“It’s the same for everybody,” said the 2003 NASCAR Cup Series Champion. “It’s been a little more challenging that I hoped it would be for sure but I feel like the last few weeks we hit on a couple of things that seemed to help.”
“Each race, in a way, is a test session where we’re still learning about what he likes and doesn’t like in terms of personalization of the car,” said Ganassi.
The tide began to turn when the series rolled into the Keystone State in late June for the doubleheader weekend at “The Tricky Triangle”.
“Pocono didn’t knock anybody’s socks off as far as finishes but it was much better,” said Kenseth. “We ran 11th and 12th and certainly performed better as a team than we had previous to that and Indy was just a solid day all the way around and we were able to get a good finish out of that.”
“Some of the finishes we’ve had aren’t indicative of how we are running,” said Ganassi. “But that happens in this sport.”
What Kenseth and the entire CGR team is looking for is more runs like at Indy, Pocono and Darlington.
“Whenever you run well, you build more confidence, not just for myself but for the team and everybody involved,” said Kenseth. “Running bad has opposite effect. Certainly when you run bad, you never feel good about it. When you run better, certainly builds confidence. Kind of shows us all as a group that we can do it. I’m hoping we can just carry that momentum into Kentucky, just keep moving forward running up front where this team belongs.”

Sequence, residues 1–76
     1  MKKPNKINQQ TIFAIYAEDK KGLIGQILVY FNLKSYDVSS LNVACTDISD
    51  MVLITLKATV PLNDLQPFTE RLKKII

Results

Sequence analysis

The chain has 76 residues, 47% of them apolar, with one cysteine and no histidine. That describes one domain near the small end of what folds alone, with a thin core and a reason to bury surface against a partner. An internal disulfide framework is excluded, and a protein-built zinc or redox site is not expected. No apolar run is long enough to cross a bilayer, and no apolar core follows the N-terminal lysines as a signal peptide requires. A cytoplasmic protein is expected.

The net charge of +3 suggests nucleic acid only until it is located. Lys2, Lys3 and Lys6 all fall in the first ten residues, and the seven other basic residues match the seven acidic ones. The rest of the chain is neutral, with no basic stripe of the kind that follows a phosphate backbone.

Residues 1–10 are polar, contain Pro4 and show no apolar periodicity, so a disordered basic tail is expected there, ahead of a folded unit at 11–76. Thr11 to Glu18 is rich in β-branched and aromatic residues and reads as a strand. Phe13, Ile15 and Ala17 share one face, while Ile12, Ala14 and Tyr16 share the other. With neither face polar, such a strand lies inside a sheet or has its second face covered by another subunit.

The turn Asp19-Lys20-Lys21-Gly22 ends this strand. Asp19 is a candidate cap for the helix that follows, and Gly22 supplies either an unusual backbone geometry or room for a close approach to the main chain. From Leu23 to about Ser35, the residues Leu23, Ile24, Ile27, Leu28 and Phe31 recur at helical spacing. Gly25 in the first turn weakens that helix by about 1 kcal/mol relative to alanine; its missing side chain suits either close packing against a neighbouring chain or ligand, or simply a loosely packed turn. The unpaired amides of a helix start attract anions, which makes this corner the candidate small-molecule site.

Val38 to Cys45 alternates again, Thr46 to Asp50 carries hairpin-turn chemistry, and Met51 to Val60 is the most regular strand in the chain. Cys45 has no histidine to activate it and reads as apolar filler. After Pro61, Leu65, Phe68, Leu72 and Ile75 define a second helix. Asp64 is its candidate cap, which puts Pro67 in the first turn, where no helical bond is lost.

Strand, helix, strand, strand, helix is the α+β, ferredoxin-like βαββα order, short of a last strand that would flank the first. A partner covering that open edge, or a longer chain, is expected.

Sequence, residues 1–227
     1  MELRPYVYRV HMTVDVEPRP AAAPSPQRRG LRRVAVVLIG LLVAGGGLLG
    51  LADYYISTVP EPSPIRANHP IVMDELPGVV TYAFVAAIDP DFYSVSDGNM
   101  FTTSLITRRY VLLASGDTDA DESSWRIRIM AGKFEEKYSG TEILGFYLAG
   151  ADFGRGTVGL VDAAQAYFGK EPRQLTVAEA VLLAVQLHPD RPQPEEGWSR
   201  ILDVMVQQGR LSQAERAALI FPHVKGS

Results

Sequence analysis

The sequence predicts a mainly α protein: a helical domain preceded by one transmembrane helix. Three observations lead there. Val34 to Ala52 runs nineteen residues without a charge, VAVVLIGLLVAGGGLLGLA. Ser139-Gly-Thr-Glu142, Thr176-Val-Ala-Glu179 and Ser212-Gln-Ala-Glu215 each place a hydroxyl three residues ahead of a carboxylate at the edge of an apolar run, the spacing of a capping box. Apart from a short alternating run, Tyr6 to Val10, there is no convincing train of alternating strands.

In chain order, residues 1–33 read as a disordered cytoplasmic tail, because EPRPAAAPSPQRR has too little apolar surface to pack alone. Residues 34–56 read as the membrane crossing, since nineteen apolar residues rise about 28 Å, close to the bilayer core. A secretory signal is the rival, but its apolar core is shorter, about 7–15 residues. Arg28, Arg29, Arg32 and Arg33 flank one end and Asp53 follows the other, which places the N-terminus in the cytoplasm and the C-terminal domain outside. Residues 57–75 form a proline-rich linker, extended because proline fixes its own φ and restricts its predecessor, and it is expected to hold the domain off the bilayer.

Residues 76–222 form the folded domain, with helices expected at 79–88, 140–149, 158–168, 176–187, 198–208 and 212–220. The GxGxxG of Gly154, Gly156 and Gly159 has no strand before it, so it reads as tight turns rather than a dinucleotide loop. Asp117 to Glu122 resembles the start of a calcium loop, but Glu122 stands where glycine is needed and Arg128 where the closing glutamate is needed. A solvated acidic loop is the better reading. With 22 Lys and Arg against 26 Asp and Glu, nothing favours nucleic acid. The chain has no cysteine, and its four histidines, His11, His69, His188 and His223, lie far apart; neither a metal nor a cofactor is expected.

Kenseth hopes to continue what they’ve been doing to be successful because the veteran knows the ups and downs of a NASCAR season, where his sense of humor and quick wit help keeps things in perspective.
“Walking through the shop you think they are whispering, ‘got the short straw with this replacement driver'”, Kenseth joked. “Certainly you have all those weeks where you’re running in the 20s with a team that we know is capable of running like we ran at Indy, that’s kind of tough on your ego, confidence, whatever.”
Ganassi, whose organization is celebrating its 30th Anniversary this season, knows what the team and the driver are capable of and feels they are still in the running to make the NASCAR Playoffs.
“By no means are we out of the Championship yet so we feel good,” said Ganassi. “I don’t think there is anybody any better that I could have put in there or I would have. I think he is doing a stellar job.”
The Quaker State 400 from Kentucky Speedway takes place Sunday at 2:30 p.m. ET.
Chase Elliott Wins NASCAR Cup Series Championship
AVONDALE, AZ (Pittsburgh Racing Now) – Chase Elliott knew he wanted to be a race car driver when he was growing up and on Sunday he followed in his Hall of Fame father Bill’s footsteps by winning the 2020 NASCAR Cup Series Championship.
Elliott passed Joey Logano for the lead on lap 270 and powered to victory in the season finale at Phoenix Raceway to fulfill a lifelong dream.
“I’m not sure I could have sat down and drawn it up any better, you know?,” said Elliott. “So for me, it’s unbelievable. It’s something that I’m not sure — well, I know I haven’t let it sink in yet.”